No one will be denied service, regardless of the patients’ ability to pay. Though appointments are encouraged, walk-in patients are accepted. The co-pay is $10.
Nearly half of the 13,000 residents of Big Horn County, which is dominated by two Indian reservations, is medically under-served and doesn’t have access to primary health care services, said Mark, who once worked for Indian Health Service.
The Indian Health Services dental clinic at Crow Agency has historically been able to meet only about 50 percent of the dental need, Mark said. There also is a need for more pediatric dental services.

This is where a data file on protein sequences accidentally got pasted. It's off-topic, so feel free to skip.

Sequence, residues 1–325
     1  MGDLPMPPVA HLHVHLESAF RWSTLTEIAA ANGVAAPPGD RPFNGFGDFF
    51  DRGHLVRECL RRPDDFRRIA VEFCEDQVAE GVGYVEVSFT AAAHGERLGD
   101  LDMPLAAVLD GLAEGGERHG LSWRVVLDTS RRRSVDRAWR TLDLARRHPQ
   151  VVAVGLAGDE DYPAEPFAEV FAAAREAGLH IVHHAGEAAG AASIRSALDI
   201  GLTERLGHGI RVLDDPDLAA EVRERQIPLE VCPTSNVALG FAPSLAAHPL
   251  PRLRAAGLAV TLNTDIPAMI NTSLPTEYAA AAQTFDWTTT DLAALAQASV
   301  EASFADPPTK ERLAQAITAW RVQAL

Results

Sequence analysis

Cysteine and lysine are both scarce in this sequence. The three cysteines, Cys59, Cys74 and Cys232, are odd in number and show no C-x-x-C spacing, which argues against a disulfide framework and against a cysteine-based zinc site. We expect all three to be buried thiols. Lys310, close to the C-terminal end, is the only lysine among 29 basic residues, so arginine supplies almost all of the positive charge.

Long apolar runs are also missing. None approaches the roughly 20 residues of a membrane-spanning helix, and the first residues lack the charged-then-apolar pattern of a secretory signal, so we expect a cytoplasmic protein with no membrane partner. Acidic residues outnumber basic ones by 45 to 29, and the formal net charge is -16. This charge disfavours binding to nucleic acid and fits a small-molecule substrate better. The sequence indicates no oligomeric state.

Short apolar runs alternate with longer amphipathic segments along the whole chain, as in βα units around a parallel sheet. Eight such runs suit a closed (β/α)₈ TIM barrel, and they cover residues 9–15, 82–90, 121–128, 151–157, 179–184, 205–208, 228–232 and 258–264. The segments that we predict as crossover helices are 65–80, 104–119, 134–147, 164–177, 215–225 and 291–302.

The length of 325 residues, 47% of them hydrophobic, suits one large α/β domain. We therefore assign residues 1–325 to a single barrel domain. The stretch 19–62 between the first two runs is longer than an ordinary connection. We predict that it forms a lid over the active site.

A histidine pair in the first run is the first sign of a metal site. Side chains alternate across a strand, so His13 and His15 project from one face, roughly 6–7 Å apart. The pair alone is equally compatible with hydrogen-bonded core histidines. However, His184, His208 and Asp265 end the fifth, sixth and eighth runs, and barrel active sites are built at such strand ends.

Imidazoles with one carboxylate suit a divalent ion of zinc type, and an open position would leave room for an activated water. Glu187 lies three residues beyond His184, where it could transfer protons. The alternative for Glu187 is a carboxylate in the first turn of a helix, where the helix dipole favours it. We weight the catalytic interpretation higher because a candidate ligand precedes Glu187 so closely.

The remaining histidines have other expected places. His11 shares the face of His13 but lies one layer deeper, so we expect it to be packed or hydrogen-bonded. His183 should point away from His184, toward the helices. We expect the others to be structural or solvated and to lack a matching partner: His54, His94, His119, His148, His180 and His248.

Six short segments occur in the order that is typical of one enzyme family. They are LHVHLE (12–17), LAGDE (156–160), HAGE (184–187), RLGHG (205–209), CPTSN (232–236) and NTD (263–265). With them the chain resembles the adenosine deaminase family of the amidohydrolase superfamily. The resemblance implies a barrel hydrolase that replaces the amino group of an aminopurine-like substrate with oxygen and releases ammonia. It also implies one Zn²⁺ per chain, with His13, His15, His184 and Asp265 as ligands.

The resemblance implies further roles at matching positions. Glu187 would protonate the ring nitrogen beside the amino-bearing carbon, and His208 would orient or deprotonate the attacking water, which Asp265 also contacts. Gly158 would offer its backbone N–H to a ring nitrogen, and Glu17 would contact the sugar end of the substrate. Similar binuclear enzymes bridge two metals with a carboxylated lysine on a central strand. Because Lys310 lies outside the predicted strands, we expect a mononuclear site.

Even with existing health care options available in Hardin, many residents are not receiving the effective and holistic primary care they need, Mark said. Many seek care outside the community, and many others delay or avoid regular preventive care.
Bighorn Valley Health Center is designed to complement existing health care facilities in the county, including St. Vincent Physician Network-Hardin Clinic, Big Horn Memorial Hospital and Indian Health Service, Mark said.
He is, however, savvy enough to know that not everyone sees it that way.
“Our desire is not to compete,” he said. “We want to work together. We hope to make it a positive disruption, but inevitably there is a reshuffling of the feathers.”
Montana now boasts 17 community health centersm with one out of every 10 Montanans now relying on a community health center for primary care, according to Bob Marsalli, CEO of the Montana Primary Care Association.